The proportion of licensed couples that are same-sex or opposite-sex is unknown, as most locales do not request this information on the affidavit. Thus, estimates rest on determining the sex of each partner on the basis of first names, but even then such methodology is not conclusive. Furthermore, because of confidentiality issues, about half of all locales refuse to release information about how many couples register their partnerships. From the available data of domestic partnership records from the locales that release such information, approximately 8 percent of all registered couples are in heterosexual unions.

Individuals can legally leave licensed domestic partnerships more easily than they can leave marital situations. The only requirement to terminate the license is that one of the partners inform the government records office where the partnership was registered. Termination of the license does not require the consent (or knowledge) of both partners, and the legislation does not include guidelines with regard to property division or palimony. In most locales, a new licensed partnership may be registered 6 months after the termination of the previous one. Furthermore, couples must terminate their license with the government records office even if the couple has subsequently married, though it appears that many couples fail to do so.

Legal challenges concerning domestic partnership ordinances focus on the debate surrounding the legal recognition of same-sex unions, with little attention paid to opposite-sex unions. Court decisions have come down on both sides of this issue. In Baker v. State of Vermont in 1999, the state supreme court ruled in favor, leading to the implementation of civil unions in that state. In Goodridge v. Massachusetts in 2003, the state court extended eligibility for legal marriage to same-sex couples. However, in Knight v. Schwarzenegger in 2005, the California Supreme Court ruled in favor of licensed domestic partnerships. In this case, the petitioners argued that the state’s Domestic Partners Act, in effect, amended Proposition 22, the defense of marriage initiative approved by a majority of California voters that defined legal marriage as existing only between one man and one woman. The petitioners argued that allowing same-sex couples to register as licensed partners redefines marriage without voter approval. The California Supreme Court disagreed, ruling that marriages and licensed partnerships were two legally distinct institutions. Other cases include Snetsinger v. Montana in 2004 and Tyma v. Montgomery County Council in 2001. Both cases were unsuccessful attempts to deny benefits such as insurance coverage to the domestic partners of homosexual employees.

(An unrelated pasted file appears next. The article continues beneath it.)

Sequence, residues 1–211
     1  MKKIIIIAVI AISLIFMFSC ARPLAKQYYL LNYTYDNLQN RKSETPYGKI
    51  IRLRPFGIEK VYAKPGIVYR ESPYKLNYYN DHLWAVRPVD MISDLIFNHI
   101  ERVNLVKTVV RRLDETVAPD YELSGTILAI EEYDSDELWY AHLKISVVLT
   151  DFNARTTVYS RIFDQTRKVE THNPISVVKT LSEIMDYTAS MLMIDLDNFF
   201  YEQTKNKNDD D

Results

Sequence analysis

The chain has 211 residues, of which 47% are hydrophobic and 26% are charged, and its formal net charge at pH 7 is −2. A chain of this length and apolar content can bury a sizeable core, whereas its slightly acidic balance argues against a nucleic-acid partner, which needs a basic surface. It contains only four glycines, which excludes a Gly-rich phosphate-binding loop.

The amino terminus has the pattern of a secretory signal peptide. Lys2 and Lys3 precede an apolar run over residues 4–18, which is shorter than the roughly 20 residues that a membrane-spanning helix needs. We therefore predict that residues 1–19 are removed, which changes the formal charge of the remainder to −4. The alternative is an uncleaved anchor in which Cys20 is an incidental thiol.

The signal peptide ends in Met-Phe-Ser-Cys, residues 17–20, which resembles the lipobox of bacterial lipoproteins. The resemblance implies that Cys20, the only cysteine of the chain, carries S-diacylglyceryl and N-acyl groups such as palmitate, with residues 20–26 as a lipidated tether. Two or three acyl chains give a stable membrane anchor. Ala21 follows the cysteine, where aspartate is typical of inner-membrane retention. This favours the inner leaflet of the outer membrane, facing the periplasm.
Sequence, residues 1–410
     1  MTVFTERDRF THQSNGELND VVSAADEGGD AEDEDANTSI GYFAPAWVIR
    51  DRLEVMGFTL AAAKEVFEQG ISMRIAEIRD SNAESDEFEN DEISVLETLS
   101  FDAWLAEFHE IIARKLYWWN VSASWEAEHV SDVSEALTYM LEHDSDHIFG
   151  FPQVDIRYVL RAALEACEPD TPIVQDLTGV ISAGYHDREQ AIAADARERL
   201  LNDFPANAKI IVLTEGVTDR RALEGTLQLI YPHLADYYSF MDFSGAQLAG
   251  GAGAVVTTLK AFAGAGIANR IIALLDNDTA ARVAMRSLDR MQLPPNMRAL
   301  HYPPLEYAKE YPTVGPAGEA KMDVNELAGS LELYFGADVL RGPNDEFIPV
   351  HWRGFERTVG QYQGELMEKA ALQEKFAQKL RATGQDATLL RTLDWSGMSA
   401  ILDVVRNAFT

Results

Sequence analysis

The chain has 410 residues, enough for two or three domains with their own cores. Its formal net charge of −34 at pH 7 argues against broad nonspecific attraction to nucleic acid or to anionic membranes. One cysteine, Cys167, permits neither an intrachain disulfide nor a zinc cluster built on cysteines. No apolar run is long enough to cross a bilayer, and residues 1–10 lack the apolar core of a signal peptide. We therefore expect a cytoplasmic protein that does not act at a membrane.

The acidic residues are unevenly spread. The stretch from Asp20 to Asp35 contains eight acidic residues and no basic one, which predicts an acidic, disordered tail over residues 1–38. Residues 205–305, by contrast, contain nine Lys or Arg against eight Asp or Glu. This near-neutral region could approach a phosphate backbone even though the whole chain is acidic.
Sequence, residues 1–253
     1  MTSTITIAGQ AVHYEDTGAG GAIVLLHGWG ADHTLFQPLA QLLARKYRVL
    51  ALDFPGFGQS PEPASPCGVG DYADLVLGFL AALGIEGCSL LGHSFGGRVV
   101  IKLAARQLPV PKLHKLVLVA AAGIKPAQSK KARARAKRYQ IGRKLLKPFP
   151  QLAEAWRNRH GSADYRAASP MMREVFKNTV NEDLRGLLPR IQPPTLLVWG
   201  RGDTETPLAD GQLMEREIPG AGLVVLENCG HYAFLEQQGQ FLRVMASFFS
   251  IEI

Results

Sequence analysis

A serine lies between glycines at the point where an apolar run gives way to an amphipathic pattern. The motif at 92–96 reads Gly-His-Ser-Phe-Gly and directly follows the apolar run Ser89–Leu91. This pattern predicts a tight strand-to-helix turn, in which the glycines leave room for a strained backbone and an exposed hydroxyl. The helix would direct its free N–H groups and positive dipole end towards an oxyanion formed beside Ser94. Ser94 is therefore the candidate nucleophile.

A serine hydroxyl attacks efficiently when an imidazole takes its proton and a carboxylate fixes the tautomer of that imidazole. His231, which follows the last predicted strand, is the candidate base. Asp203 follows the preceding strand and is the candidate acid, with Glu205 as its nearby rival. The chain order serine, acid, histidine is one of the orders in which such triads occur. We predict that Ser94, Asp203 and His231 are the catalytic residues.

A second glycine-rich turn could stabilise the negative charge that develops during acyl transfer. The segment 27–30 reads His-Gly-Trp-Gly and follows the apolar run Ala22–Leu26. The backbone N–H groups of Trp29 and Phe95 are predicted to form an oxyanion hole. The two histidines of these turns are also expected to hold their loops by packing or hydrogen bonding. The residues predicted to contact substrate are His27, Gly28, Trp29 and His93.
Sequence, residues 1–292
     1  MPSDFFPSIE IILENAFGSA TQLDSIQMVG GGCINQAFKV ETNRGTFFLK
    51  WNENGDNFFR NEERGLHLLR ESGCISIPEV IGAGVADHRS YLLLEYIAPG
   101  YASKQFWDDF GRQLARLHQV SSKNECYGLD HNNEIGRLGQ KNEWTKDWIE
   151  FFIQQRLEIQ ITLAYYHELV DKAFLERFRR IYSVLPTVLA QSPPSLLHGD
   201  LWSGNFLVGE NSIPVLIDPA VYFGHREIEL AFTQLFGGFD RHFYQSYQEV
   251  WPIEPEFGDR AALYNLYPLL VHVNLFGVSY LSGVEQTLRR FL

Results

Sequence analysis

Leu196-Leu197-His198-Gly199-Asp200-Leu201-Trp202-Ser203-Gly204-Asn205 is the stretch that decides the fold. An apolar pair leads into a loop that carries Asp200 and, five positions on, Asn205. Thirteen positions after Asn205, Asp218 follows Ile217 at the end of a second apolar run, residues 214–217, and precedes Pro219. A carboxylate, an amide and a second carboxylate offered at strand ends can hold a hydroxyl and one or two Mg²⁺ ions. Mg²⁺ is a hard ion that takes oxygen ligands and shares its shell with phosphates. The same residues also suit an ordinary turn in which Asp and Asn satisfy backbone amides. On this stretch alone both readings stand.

Bibliography:

  1. Bowman, Craig A. and Blake M. Cornish. 1992. “A More Perfect Union: A Legal and Social Analysis of Domestic Partnership Ordinances.” Columbia Law Review 92:1164-1211.
  2. Willetts, Marion C. 2003. “An Exploratory Investigation of Heterosexual Licensed Domestic Partners.” Journal of Marriage and the Family 65:939-52.
  3. Williams, Hannah Koopman and Rachel E. Bowen. 2000. “Marriage, Same-Sex Unions, and Domestic Partnerships.” Georgetown Journal of Gender and Law 1:337-59.